A Question I Was Asked:

Four Questions About Heaven

The Questions:

I have some questions for you.

1. Why would a person want to leave a paradise such as Heaven, and return to a sinful and hard place like Earth? (I ask this because you said that, following death, righteous souls await the Lord's return in heaven).
2. Also, when they come back, will they have no recollection of where they have been?
3. Would you say that Lazurus went to Heaven for the four days before Jesus restored him? If he was in Heaven on what grounds did he get there seeing as Jesus had not yet died and had not reconciled God back to Mankind?
4. Up until Jesus, no man had gone to Heaven, not even Abraham? No one has ever gone into heaven except the one who came from heaven - the Son of Man. (John 3:13). Many thanks.

UK Apologetics Reply:

Okay, here we go:

1. You ask why any would want to leave a heavenly paradise to return to earth. The answer would appear to be that even though Heaven is a glorious paradise, the souls of the deceased saints are purely there as souls and Revelation shows that the saints will eagerly look forward to the full resurrection of body and soul and long to see Godly justice carried out upon earth.

When he opened the fifth seal, I saw under the altar the souls of those who had been slain because of the word of God and the testimony they had maintained. They called out in a loud voice, "How long, Sovereign Lord, holy and true, until you judge the inhabitants of the earth and avenge our blood?" Then each of them was given a white robe, and they were told to wait a little longer, until the full number of their fellow servants, their brothers and sisters, were killed just as they had been. (Revelation 6:9-11).

You worry about the earth being "a sinful and hard place," but, of course, there will be no more sin in that future Eternal State. The age of sin will be past! It is also possibly a mistake to see the final home of the saints as being simply and entirely earth. As all-powerful resurrected sons and daughters of God, we will also be able to fly to Heaven, although the New Heavenly Jerusalem - our principal home - will be upon this earth. But it won't be purely physical as the present Jerusalem is, it will be 'heavenly,' and in the divine spiritual dimension. So it will be nothing like the present physical realm of things; the beauty, I am sure, will be astonishing.

2. You ask, "...also, when they come back, will they have no recollection of where they have been?" I presume you are asking about those in the resurrection and whether the truly righteous among them will recollect their time in heaven. Why not? I see no reason why the Lord would wish to block out such a lovely memory for the saints.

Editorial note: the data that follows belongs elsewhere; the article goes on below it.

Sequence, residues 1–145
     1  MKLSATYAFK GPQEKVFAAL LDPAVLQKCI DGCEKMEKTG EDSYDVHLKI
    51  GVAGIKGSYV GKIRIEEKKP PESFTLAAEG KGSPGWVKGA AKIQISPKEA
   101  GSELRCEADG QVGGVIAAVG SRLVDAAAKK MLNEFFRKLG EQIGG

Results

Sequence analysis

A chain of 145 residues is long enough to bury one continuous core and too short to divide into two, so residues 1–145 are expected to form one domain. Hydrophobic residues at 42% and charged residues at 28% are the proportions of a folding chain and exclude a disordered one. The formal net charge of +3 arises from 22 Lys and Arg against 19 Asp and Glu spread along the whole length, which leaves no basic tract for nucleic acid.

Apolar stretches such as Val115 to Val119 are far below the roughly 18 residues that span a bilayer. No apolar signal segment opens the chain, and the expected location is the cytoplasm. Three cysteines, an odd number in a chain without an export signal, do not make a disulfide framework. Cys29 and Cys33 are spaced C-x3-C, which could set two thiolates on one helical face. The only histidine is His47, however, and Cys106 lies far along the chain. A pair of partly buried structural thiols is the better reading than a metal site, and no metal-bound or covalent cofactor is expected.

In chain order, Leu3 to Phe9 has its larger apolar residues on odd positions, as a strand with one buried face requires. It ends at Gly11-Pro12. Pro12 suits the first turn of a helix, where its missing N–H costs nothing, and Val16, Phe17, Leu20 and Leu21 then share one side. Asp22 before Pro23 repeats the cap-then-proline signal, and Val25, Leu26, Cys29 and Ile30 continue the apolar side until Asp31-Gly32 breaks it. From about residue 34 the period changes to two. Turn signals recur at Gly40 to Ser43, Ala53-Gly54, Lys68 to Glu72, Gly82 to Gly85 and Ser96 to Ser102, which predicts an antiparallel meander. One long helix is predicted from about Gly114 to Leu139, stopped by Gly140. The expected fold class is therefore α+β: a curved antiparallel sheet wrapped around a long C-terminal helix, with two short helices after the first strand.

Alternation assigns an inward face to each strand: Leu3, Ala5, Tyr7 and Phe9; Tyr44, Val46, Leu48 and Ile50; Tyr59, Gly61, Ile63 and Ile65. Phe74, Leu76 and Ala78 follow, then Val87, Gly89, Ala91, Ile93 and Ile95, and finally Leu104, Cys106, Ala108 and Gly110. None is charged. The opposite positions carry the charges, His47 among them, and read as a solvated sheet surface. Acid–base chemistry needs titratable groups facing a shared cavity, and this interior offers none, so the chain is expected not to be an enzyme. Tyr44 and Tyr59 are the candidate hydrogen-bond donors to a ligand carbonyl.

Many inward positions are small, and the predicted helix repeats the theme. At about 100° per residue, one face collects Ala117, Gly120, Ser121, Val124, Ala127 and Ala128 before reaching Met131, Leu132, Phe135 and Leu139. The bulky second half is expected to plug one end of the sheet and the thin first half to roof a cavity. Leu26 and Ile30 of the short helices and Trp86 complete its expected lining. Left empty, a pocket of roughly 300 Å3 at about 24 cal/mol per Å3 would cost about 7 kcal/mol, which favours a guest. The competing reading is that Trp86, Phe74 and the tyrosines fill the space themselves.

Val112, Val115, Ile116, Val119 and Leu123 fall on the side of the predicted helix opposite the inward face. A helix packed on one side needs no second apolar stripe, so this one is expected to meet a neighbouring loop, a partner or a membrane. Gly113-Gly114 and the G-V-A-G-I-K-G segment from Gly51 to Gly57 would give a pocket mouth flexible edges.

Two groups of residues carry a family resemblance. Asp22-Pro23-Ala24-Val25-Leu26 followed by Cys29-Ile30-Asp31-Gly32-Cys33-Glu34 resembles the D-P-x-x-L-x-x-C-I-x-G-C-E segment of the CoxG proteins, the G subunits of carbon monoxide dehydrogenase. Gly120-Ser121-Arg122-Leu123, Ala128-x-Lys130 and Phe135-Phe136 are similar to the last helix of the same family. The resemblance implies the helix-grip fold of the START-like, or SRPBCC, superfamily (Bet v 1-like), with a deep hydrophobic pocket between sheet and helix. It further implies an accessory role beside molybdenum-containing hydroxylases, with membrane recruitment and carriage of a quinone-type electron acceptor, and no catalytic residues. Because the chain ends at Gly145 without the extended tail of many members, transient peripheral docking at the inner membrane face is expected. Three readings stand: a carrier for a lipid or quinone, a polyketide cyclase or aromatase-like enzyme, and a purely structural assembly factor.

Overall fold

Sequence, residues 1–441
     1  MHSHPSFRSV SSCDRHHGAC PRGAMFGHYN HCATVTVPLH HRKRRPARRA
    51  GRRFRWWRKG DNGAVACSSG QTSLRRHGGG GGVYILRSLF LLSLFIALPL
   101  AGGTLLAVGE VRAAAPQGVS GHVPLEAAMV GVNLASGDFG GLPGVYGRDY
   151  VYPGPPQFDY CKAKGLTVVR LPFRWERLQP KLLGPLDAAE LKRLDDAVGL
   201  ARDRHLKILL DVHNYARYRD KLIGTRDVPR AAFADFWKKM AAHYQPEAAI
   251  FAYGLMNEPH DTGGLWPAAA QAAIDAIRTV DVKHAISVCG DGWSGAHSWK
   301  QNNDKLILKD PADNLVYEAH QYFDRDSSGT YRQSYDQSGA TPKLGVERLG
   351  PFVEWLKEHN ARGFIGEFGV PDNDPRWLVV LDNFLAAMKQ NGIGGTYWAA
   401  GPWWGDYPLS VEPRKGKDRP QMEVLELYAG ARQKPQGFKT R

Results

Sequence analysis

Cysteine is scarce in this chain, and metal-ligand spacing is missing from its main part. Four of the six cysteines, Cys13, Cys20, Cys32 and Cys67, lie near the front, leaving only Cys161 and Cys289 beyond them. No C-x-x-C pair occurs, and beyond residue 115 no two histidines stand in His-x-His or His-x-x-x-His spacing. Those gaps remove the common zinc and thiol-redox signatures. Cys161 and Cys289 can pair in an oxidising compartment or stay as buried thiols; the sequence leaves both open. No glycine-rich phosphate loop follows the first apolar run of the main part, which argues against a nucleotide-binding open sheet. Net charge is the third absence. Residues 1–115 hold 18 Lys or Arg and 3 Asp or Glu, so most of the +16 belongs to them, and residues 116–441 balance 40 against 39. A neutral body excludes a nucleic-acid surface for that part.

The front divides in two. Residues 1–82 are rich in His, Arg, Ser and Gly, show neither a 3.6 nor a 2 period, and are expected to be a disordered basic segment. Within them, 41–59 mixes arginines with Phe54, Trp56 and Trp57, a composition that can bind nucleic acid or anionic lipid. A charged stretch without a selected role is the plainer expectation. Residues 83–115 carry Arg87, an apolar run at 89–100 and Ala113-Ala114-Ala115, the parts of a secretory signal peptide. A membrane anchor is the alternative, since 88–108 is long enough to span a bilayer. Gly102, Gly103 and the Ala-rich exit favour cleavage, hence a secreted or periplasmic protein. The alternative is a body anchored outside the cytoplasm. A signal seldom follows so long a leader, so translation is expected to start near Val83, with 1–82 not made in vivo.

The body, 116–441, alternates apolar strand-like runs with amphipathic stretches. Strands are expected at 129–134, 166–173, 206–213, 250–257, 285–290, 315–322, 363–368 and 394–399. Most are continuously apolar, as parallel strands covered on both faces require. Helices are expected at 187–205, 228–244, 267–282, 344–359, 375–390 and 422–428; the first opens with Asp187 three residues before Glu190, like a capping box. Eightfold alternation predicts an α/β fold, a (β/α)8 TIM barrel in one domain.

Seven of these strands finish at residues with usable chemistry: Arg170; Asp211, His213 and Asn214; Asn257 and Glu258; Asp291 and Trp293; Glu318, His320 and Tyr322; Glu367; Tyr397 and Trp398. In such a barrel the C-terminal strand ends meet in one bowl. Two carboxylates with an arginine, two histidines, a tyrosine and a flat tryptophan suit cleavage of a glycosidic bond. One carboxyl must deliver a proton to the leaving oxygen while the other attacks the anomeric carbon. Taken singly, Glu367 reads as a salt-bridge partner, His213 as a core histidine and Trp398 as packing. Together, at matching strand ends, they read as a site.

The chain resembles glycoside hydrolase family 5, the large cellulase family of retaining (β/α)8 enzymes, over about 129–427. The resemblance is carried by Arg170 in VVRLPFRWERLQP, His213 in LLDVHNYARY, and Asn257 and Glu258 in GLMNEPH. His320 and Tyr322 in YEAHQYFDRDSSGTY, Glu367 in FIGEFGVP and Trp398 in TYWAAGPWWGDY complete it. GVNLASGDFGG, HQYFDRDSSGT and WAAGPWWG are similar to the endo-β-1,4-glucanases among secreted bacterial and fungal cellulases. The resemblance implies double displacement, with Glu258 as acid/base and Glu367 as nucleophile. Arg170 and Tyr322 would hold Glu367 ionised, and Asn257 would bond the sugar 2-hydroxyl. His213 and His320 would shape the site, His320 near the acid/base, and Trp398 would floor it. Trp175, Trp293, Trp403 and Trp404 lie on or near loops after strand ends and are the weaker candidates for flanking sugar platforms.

3. Did Lazarus go to heaven while he awaited Jesus calling him from the grave? I have no idea, possibly not. But if God did allow him to go to heaven for those few days, the timing won't have been important; after all, God already knows His own elected saints whose names are already entered into the Book of Life. The fact that Jesus had not yet died upon the cross at that point in time-history does not matter. Don't forget that the saved of the Old Testament were only saved through the blood of Christ although - time-wise - the cross was still ahead at that point in time. Don't forget the message of Revelation 13:8 on that point; Jesus - effectively - was slain from the foundation of the world.

4. Had no one entered heaven until Jesus went to the cross? Actually no, the Bible states differently. Three heavenly places are described as 'heaven' in Scripture. The throne of God the Father appears to be in the 'third heaven.' However, Enoch and Elijah were received into heaven at their deaths. See 2 Kings 2:11, for instance. But, even then, they could only be saved through the blood of Christ - no other way. The comments of Jesus in John 3:13 might be better seen as addressing a pagan concept that passage between earth and heaven was possible for many people. When Enoch and Elijah entered heaven they were 'translated' and were there as souls.

Robin A. Brace. February 22nd, 2014.